Aside from the question of what people think municipal law *should* be, Pennsylvania is a Dillons's Rule state, also known as a "Mother, may I" state. Some states specify what municipalities *may not* do, and they may do anything not explicitly prohibited. Most states, including Pennsylvania, specify what municipalities *may* do, and they may not do anything that is not explicitly permitted.
The bottom line is that municipal gun bans in Pennsylvania were always illegal, but that the state did not want to fight about it. This way the gun rights groups can do the fighting, which they will certainly be inclined to do.
I've ridden bikes as my main transportation for over 60 years. It's less than a minor incident. It would have meant nothing to me if the driver did not do something aggressive and dangerous.
I will say that getting honked at was far more rare before there were bike lanes. The idea that drivers will understand that a cyclist doesn't have to ride in the bike lanes is one of the dumbest rationalizations ever, and bike lane advocates make this rationalization all the time.
And, yes, Stu was definitely looking for a confrontation, but he was in the right. He was going downhill and keeping up a reasonable speed. Expecting him to pull over at that speed so a motorist could pass would have been a ridiculous idea, except for the bike lane saying that's the right thing to do.
Bike lanes are an incredibly stupid idea. They make cyclists feel safer while putting them in the most dangerous part of the road. Even the PennDot Bicycle Drivers Manual contains a lengthy article called "Street Smarts," that tells cyclists where they are safest and least safe. From every perspective, they are least safe riding far to the right, and that's exactly where bike lanes put them.
It's easy to granstand on a videotaped incident, but the real danger to cyclists comes from Bike Pittsburgh pandering to the unwarranted fears of those cyclists, and to mayor Peduto for pandering to Bike Pittsburgh.
Here is the article. Note that riding far to the right increases the chances of being hit by a car door, being hit from the right, being hit from the left, being hit by an oncoming car making a left turn, and even being sideswiped by a car trying to "squeeze by."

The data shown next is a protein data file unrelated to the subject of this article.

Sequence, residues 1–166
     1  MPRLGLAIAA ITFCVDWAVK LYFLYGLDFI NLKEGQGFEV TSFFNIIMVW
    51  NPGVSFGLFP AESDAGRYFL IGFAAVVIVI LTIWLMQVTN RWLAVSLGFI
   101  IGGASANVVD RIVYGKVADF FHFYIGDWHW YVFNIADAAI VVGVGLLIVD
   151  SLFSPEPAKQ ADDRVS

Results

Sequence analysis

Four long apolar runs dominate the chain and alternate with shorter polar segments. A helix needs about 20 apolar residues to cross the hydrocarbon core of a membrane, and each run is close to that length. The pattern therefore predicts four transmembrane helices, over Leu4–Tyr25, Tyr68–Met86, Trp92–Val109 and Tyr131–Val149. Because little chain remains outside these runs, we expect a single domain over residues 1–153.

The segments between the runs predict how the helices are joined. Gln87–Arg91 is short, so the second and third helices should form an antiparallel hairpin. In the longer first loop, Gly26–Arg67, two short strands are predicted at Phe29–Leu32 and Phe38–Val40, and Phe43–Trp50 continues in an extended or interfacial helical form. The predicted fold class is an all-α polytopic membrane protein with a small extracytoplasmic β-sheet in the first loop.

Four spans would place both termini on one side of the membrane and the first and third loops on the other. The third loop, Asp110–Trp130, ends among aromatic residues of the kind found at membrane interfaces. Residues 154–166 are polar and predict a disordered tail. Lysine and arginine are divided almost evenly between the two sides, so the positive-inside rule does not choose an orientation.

Here is the PennDOT bicycle manual. See page 10, "Where to Ride on the Road."
By the way, the deadliest bike lane of all is the downhill lane on Liberty Avenue. Part of it is a 4% drop, and part is a 6% drop. Even the most out-of-shape cyclist can maintain the 35 mph speed limit going down that hill. However, if a car door opens, that cyclist will hit it at the same speed as if he had just fallen off a three-story building.
Whatever you do, don't ride in that bike lane, and tell Bike Pittsburgh to get rid of that lane and have "sharrows" put in the center of the traffic lane going downhill. The uphill bike lane is innocuous, however. It tells cyclists to ride exactly where they always rode when there were no bike lanes.
Also, while we are still one of the more affordable cities, we used to be the most affordable of the hundred largest cities in the country. We are now having the first real estate bubble in over a hundred years.
Land value tax prevented the land speculation that leads to bubbles and makes housing unaffordable, and Pittsburgh had more land value tax than any other city. Then the county sabotaged the assessments, and we went back to conventional property tax that falls mostly on improvements.
Peduto has shown interest land value tax, but we need someone who will demand that the county assess land values properly. That means standing up to county executive Rich Fitzgerald. Fitzgerald got rid of the people who sabotaged the land assessments, but he hasn't had the courage to fix them.
The problem is not that Peduto is evil, but that he has insufficient courage. Same with Fitzgerald.